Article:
Amine functionalised metal-organic frameworks for carbon dioxide capture

by Christin Patzschke

Institution: Monash University
Department: School of Chemistry
Year: 2015
Keywords: Metal-organic frameworks; CO2 capture; Amine modification
Record ID: 1044518
Full text PDF: http://arrow.monash.edu.au/hdl/1959.1/1144502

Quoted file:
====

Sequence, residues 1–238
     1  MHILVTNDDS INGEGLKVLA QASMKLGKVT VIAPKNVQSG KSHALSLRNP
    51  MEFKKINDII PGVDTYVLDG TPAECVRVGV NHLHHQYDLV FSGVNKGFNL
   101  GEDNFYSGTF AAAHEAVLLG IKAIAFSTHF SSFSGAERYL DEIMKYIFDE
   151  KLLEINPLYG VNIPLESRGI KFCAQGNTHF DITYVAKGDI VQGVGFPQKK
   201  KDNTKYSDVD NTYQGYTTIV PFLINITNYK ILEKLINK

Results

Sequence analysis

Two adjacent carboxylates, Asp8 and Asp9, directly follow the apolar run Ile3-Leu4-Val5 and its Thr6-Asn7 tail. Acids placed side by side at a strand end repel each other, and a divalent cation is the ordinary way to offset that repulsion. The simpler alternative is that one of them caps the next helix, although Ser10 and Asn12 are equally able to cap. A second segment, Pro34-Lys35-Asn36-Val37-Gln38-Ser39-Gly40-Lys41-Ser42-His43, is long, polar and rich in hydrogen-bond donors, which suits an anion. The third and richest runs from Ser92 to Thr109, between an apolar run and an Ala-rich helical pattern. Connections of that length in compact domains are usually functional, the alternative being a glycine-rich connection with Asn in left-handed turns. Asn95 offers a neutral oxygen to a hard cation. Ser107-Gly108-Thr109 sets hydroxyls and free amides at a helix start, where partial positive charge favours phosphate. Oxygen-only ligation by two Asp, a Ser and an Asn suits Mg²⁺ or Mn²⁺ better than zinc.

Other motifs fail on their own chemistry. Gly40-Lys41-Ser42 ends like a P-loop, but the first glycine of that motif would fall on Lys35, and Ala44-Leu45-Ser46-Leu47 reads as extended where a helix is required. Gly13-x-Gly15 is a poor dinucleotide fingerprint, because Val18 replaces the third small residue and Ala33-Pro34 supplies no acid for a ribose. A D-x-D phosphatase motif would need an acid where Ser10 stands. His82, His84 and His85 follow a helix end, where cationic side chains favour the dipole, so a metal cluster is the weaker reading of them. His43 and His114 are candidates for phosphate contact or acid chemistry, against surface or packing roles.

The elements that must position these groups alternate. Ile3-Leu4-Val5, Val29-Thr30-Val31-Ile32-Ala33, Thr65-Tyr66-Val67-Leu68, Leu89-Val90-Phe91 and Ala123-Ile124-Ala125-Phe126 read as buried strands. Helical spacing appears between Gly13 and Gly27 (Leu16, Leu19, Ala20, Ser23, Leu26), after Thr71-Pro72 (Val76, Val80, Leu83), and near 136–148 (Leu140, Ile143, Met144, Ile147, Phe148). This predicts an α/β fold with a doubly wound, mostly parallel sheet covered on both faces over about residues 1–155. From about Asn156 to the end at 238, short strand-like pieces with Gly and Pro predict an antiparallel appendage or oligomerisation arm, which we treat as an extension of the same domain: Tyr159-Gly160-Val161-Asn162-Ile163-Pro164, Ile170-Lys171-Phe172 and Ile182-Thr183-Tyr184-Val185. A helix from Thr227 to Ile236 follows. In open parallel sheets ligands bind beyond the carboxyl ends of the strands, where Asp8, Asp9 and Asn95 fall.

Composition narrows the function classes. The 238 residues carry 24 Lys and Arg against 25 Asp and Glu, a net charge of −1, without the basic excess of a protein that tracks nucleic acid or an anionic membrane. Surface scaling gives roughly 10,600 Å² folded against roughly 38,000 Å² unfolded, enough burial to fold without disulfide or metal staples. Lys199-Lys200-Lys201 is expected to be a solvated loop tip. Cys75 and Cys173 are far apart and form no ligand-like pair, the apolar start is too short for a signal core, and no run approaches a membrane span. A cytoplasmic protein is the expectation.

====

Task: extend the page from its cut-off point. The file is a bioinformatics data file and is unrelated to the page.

Adsorption-based methods, such as pressure swing adsorption (PSA) or vacuum swing adsorption (VSA), are promising for capturing CO₂ from natural gas or flue gas. CO₂ adsorbents take a variety of forms, but one approach is the use of metal-organic frameworks (MOFs). These have attracted tremendous attention over the past decade due their porosity, high surface area, high pore volume, tuneable pore sizes and topologies. Previous studies on adsorbents of this type, such as CPO-27(Mg), HKUST-1, MOF-177 or MIL-101, have reported good CO₂ adsorption capacities. Moreover, through introducing specific polar groups onto the organic linker or by grafting components onto coordinatively unsaturated sites (CUS) of specific MOFs, increases in the CO₂ affinity have been observed, particularly at low pressure. This project investigated the potential of MOFs for post-combustion carbon capture and high pressure separation processes. Two classes of MOFs were chosen: 1) MOFs containing CUS, which allow further postsynthetic modification (PSM) by grafting/impregnating these materials with amines. 2) Flexible MOFs, due to their good selectivities and high CO₂ capacities. Enhanced CO₂ capacities were sought by two approaches or a combination of both: (i) prefunctionalisation of MIL-53 and MIL-101 (where substituent groups are incorporated into the linker unit before MOF construction) and (ii) postsynthetic modification (PSM) of MIL-100 and MIL-101 (where substituents like ethylenediamine (ED), diethylenetriamine (DETA), 2nd generation polypropylenimine actamine dendrimer (DAB-AM-8) and polyethyleneimine (PEI) are added after MOF construction). In the first part of this study, MIL-100/MIL-110(Al), MIL-100(Fe), MIL-101(Cr)-NH₂, MIL-101(Al)-NH₂, MIL-53(Al)-NH₂ and STA-16(Co) were synthesised and characterised by Fourier transform infrared spectroscopy (FTIR), powder X-ray diffraction (PXRD), elemental analysis, N₂ sorption at -196 °C, helium density, scanning electron microscopy (SEM) and thermal decomposition. Despite the highly acidic environment during the preparation of MIL-100(Al), a 60:40 mixture with MIL-110(Al) was obtained in all cases. The formation of STA-16 was found to be strongly dependent on the pH. Slight changes in the pH resulted in the formation of a mixture with or pure phase of a new polymorphous MOF, denoted here as CoMOF. In contrast to the microporous character of STA-16(Co), CoMOF is non-porous and therefore not applicable for CO₂ capture. For this reason, no PSM on the CUS of MIL-100/MIL-110(Al) and STA-16(Co) were conducted. In the second part of this study, all MOFs (except CoMOF) were evaluated for their ability to capture CO₂ by measuring adsorption equilibria in the temperature range of 25 to 75/105 °C and a pressure range of 0 to 0.5 bar which is appropriate to the VSA process for post-combustion capture. Among them, MIL-53(Al)-NH₂ was found to have the highest CO₂ adsorption capacity in the studied pressure and temperature range, while the MOFs containing CUS showed lower adsorption capacities. In order to…